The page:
Monthly Archives: June 2011

On Calling a Pie a Pie

Two quick responses to Reihan’s latest. First: It is by no means obvious to me that it is morally sound for us to treat “criminals and deadbeats” who’ve lived in the United States from, say, the age of 2-3 days … Continue reading

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The Solution to Bad Speech is More Speech

I’m a longtime donor to the Institute for Justice, the nation’s premiere libertarian civil liberties organization. They’ve taken cases to the Supreme Court a number of times, and on every previous occasion, I’ve been rooting for their success. But on … Continue reading

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A Response to Reihan on Immigration

My brilliant and thoughtful friend Reihan Salam was kind enough to critique last week’s immigration posts. Here, I think, is the gist of our disagreement: My basic frustration with my interlocutors on the immigration question is this: is access to … Continue reading

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Immigration and Pie

There’s a long-running argument between the left and right about whether economic policy should focus more on efficiency questions or distributional questions. At the risk of oversimplifying, progressives tend to focus on inequalities of income and wealth, and they worry … Continue reading

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Immigration Links

Here are some immigration links: Jose Antonio Vargas’s new website, Define American, is really fantastic. It’s a pitch-perfect example of the kind of humanizing effort I wrote about on Wednesday. Not only does it portray Vargas himself as a sympathetic … Continue reading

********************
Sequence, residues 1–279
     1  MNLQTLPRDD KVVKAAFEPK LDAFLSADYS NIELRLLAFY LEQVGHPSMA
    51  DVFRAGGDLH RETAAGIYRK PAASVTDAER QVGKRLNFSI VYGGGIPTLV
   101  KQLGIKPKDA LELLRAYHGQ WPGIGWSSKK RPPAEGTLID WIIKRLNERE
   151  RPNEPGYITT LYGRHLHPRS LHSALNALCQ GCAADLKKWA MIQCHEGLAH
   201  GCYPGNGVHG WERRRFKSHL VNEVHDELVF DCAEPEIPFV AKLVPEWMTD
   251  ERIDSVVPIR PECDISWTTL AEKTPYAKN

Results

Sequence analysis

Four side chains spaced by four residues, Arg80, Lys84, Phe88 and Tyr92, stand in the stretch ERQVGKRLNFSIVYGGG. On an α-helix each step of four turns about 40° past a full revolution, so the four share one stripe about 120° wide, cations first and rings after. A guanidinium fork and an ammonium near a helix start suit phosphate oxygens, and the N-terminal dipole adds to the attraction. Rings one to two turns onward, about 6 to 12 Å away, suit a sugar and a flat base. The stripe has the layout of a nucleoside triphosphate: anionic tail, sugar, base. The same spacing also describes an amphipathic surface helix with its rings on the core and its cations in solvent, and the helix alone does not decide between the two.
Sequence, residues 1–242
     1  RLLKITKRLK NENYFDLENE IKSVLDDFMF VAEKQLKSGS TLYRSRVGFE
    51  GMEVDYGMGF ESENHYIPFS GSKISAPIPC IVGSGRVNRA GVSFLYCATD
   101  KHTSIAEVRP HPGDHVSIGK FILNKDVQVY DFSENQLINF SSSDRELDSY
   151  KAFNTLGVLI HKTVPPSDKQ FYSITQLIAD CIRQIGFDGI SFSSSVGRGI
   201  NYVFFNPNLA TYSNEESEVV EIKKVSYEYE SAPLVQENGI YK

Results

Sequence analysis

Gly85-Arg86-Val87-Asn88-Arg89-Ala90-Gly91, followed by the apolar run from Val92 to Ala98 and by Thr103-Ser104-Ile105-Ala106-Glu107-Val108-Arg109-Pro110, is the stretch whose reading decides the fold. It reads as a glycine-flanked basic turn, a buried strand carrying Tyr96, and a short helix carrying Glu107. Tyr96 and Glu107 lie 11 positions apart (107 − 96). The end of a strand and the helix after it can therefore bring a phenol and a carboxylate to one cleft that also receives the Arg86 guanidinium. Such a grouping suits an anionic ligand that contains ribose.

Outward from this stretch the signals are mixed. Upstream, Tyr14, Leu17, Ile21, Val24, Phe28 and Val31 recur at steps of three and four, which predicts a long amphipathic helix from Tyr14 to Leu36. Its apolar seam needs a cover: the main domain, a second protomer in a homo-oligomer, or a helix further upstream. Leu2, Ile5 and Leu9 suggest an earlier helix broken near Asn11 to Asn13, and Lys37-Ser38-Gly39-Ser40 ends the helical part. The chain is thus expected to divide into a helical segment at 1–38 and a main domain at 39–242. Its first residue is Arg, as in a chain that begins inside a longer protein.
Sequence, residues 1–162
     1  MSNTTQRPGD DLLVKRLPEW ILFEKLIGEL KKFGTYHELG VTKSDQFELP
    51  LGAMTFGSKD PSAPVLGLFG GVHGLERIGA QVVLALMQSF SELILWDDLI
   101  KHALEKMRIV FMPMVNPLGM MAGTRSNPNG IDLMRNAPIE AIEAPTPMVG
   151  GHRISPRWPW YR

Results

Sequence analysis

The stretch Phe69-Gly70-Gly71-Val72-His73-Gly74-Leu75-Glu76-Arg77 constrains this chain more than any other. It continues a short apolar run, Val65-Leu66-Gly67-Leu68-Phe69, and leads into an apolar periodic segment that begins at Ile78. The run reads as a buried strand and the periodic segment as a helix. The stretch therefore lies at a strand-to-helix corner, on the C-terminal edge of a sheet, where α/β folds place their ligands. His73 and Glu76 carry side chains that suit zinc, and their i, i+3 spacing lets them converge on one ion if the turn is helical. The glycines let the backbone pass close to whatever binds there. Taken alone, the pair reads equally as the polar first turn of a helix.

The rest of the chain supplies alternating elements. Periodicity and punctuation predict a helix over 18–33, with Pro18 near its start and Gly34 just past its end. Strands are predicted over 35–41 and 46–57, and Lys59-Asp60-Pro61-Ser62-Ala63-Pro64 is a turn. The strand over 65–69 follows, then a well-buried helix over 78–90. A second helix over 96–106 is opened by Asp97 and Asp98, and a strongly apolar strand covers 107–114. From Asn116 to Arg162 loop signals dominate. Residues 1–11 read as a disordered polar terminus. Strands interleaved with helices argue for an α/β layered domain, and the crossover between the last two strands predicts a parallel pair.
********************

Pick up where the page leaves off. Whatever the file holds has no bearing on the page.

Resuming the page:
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Immigration and the “Rule of Law”

Was my last post, despite its claims to the contrary, a brief for open-borders zealotry? That seems to have been the reaction of a number of commenters and folks on Twitter. Josh Barro, for example, tweeted “I’m not sure there’s … Continue reading

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Jose Antonio Vargas and the Politics of Compassion

Jose Antonio Vargas’s riveting story about life as an undocumented immigrant has been taking the Internet by storm. It powerfully illustrates the contrast between our nation’s professed ideals of equality and opportunity and the actual, shameful results of the laws … Continue reading

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Competition in the Banking Industry

As Erik Kain notes, the point I made yesterday isn’t limited to the telecommunications industry. It applies with equal force in banking. A good example of this principle at work is Cato scholar Lawrence White’s 2004 call for greater regulation … Continue reading

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A Lost Consensus on Deregulation and Competition

Everyone knows that the contemporary telecom debate pits free-market opponents of regulation against progressives who want a more activist government. But if that’s what you’re expecting, then the 1970s and early 1980s look very puzzling. You had the Democratic Carter … Continue reading

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The HuffPo Sweatshop and the Decline of Labor

There’s been an interesting back-and-forth in the left-of-center blogosphere over efforts to organize a boycott of the Huffington Post for its practice of allowing volunteer bloggers to contribute to the site. The case for the boycott seems so obviously wrong … Continue reading

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